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Sachs

How to light a colored line or simple polygon?

8 posts in this topic

I'm guessing the transparent areas are just textures with some semitransparancy (alpha) in them

 

behind the line, you can draw a quad with a texture with the glow.

 

You'd actually need 3 quads, one for each endpoint and one for the middle. (the middle will be stretched to draw different length lines, and if you stretch the whole thing, the ends will get oblong and not look that good).

 

Then play a bit with alpha-value for blending them to get a nice glowy effect.

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The reason I don't think it's a proper bloom, is the circular areas with double light intensity in the corners.

Looks very much like two layers of "glow-texture".

Also, not blurring is faster (even though modern mobile devices shouldn't have a problem) Edited by Olof Hedman
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That is what is usually referred to as a 'bloom', and it is more or less just using a Gaussian filter to blur the colors.  There is a sample chapter about how a similar effect is used in the game Tron from way back in the original GPU Gems book, which you can find online now for free.  It tells you lots about how to implement such a system, and should get you on your way!

When I use the Gaussian filter to blur a line(1-2 pixels)  in the whole black background, the blurred line is dark and it's "glowing" range is small. Then I compose the tow lines, the final effect is not as clear as the game's. May be I missed something?
 
I haven't read the book, but I will check it later.
 
Anyway, thanks for your reply.
 
 

I'm guessing the transparent areas are just textures with some semitransparancy (alpha) in them
 
behind the line, you can draw a quad with a texture with the glow.
 
You'd actually need 3 quads, one for each endpoint and one for the middle. (the middle will be stretched to draw different length lines, and if you stretch the whole thing, the ends will get oblong and not look that good).
 
Then play a bit with alpha-value for blending them to get a nice glowy effect.

I have no idea with "a texture with the glow", could you give me some examples? Or you can tell me where I can find the texture? (I have already "googled" it, but can't find something useful.)

 

Thanks a lot.

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When I use the Gaussian filter to blur a line(1-2 pixels) in the whole black background, the blurred line is dark and it's "glowing" range is small. Then I compose the tow lines, the final effect is not as clear as the game's. May be I missed something?

I haven't read the book, but I will check it later.

Anyway, thanks for your reply.

Can you post a screenshot of what you are getting?  I think we could easily work through the issue.  I also think it would be worth your while to check out that chapter - even if you just skim through it, there is some good information in there.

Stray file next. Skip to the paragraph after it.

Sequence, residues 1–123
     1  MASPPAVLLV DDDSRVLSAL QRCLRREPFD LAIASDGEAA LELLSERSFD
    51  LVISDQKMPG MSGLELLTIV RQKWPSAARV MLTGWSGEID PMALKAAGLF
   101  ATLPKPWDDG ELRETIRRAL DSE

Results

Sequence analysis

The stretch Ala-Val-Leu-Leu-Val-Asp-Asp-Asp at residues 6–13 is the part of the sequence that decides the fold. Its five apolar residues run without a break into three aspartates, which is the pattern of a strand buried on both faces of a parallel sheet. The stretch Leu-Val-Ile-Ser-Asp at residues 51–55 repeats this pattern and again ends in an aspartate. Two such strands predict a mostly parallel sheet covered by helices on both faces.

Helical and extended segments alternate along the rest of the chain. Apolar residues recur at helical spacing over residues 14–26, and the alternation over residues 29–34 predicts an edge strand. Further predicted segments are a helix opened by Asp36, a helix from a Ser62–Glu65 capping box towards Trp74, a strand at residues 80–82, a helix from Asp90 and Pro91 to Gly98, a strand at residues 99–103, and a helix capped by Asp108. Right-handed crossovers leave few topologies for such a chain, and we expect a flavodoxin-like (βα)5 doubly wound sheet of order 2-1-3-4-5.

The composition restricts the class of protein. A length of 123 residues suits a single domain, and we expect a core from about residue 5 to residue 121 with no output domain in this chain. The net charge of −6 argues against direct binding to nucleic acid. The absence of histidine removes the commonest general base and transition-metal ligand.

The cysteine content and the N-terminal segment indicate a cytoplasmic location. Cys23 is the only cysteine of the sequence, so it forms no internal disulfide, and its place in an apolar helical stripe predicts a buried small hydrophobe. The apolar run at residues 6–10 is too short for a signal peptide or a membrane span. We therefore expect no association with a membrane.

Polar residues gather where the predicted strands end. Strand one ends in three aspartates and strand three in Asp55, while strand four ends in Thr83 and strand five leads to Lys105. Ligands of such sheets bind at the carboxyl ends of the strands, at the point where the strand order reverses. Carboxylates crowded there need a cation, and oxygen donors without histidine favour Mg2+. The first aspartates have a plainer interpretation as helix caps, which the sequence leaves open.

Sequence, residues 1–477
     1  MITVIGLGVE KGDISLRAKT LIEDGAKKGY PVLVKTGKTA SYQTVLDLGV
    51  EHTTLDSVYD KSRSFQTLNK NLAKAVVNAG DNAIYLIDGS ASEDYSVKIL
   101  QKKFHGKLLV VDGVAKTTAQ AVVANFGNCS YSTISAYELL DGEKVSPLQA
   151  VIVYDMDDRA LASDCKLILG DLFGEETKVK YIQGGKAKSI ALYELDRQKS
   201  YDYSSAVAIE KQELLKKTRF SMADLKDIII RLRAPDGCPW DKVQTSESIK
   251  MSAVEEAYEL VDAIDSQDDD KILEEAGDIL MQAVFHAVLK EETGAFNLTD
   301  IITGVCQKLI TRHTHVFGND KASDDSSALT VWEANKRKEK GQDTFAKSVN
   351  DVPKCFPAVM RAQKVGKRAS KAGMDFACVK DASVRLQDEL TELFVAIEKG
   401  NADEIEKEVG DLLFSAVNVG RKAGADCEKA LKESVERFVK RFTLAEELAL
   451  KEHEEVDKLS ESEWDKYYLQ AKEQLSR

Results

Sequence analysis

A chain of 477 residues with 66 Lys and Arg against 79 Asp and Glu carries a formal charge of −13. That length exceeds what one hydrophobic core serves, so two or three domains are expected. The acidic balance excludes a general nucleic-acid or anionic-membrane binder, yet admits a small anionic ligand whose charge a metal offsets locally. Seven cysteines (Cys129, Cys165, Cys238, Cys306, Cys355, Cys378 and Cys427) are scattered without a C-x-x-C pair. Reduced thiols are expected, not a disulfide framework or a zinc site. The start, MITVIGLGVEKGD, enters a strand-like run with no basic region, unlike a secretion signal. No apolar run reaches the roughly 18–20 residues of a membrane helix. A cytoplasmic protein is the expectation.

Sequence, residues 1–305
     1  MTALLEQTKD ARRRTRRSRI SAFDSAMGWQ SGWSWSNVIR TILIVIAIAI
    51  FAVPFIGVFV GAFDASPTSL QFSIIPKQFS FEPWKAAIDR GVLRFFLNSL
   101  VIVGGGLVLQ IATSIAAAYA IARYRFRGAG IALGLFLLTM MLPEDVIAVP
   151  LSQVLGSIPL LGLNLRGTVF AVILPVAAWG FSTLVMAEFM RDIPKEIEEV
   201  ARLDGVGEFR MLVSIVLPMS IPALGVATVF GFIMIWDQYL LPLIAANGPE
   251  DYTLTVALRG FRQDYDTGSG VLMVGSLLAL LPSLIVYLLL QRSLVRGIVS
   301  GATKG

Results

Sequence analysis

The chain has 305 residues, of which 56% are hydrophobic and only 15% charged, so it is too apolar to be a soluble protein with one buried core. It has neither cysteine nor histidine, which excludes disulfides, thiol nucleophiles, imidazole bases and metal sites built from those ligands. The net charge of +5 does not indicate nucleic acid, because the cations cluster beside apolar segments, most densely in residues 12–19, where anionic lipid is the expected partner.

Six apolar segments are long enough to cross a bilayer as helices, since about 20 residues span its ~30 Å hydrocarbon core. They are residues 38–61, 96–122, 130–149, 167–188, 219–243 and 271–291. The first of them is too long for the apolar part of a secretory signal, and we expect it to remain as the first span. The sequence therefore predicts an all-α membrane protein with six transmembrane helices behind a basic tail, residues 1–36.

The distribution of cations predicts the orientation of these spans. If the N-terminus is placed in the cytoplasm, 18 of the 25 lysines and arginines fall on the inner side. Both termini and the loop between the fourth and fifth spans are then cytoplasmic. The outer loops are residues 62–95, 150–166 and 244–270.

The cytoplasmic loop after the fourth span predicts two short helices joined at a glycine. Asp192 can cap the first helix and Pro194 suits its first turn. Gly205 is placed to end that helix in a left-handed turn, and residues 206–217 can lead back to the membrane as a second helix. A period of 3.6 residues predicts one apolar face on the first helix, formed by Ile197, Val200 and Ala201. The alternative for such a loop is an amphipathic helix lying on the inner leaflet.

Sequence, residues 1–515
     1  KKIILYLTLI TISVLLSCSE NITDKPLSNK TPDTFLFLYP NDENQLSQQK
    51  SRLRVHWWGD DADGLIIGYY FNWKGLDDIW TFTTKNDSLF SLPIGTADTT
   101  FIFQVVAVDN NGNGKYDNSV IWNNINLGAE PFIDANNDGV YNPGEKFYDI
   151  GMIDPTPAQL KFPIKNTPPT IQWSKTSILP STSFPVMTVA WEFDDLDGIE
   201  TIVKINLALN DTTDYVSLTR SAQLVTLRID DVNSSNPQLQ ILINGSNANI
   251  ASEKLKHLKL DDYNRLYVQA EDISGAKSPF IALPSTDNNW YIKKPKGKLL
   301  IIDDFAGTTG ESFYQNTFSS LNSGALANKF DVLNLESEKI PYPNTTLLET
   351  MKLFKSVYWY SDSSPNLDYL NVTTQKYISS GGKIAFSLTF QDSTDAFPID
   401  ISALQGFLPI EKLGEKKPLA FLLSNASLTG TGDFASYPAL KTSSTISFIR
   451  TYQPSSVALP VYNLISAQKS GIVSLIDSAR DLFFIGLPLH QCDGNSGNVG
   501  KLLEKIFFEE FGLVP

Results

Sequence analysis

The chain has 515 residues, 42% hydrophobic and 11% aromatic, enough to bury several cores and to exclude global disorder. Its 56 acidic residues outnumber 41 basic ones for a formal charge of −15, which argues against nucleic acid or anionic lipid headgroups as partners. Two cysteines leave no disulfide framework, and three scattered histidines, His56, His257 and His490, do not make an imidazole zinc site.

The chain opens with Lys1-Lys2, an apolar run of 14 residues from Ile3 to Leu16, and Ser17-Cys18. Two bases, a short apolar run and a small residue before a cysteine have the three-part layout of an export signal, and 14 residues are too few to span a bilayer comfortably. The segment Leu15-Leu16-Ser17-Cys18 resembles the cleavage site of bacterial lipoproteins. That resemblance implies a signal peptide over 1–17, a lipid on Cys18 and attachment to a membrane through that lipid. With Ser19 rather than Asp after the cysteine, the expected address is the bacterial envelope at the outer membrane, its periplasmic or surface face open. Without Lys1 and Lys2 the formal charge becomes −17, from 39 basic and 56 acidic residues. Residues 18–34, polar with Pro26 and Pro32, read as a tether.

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Can you post a screenshot of what you are getting?  I think we could easily work through the issue.

 
This is the screenshot: http://flic.kr/p/eDFLwx
 
I do this in GIMP:
    1. I begin with a black background(layer 1).
    2. Then draw the red(255, 0, 0) line (4 pixels) in the layer 2.
    3. Copy layer 2 to layer 3
    4. Use gaussian fliter(kernel size is 10x10) to blur the layer 2. 
    5. layer 3's mode is addition.
 
The problem is:
    1. The middle red line isn't as bright as I expected. I guess it didn't blend correctly.
    2. The "glowing" is also too dark.


 

I also think it would be worth your while to check out that chapter - even if you just skim through it, there is some good information in there.

Thank you for the advice.

Edited by Sachs
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1-2 pixels is too little for a bloom, you need to use a bigger kernel. A way to increase the kernel "for free" is to do the blurring on a downscaled image and finally draw a re-upscaled overlay. This can also improve performance.
 
Here's a image you can use for the fake bloom:
tn_gallery_163625_627_4127.png
 
Or you could do it procedurally in a pixel shader like so:


float fade(float2 uv)
{
    float2 radius = uv * 2 - 1;           // de-normalize tex-coords
    return saturate(1 - length(radius));  // fade according to distance to center
}
 
Then use this this value e.g. for an alpha. Give it a tint for the desired color and blend additively (or alpha-additively).
 
This is what the tex-coords should look for the three quads.

 (0,0)  (0.5, 0)       (0.5, 0)   (1,0)
..+--------+--------------+---------+
..|........|..............|.........|
..|........|..............|.........|
..|........|..............|.........|
..|........|..............|.........|
..+--------+--------------+---------+
 (0,1)  (0.5, 1)       (0.5, 1)   (1,1)
I'm with Olof, this looks like a fake bloom.

 

I got it! This method is easy and effective. Thanks a lot.

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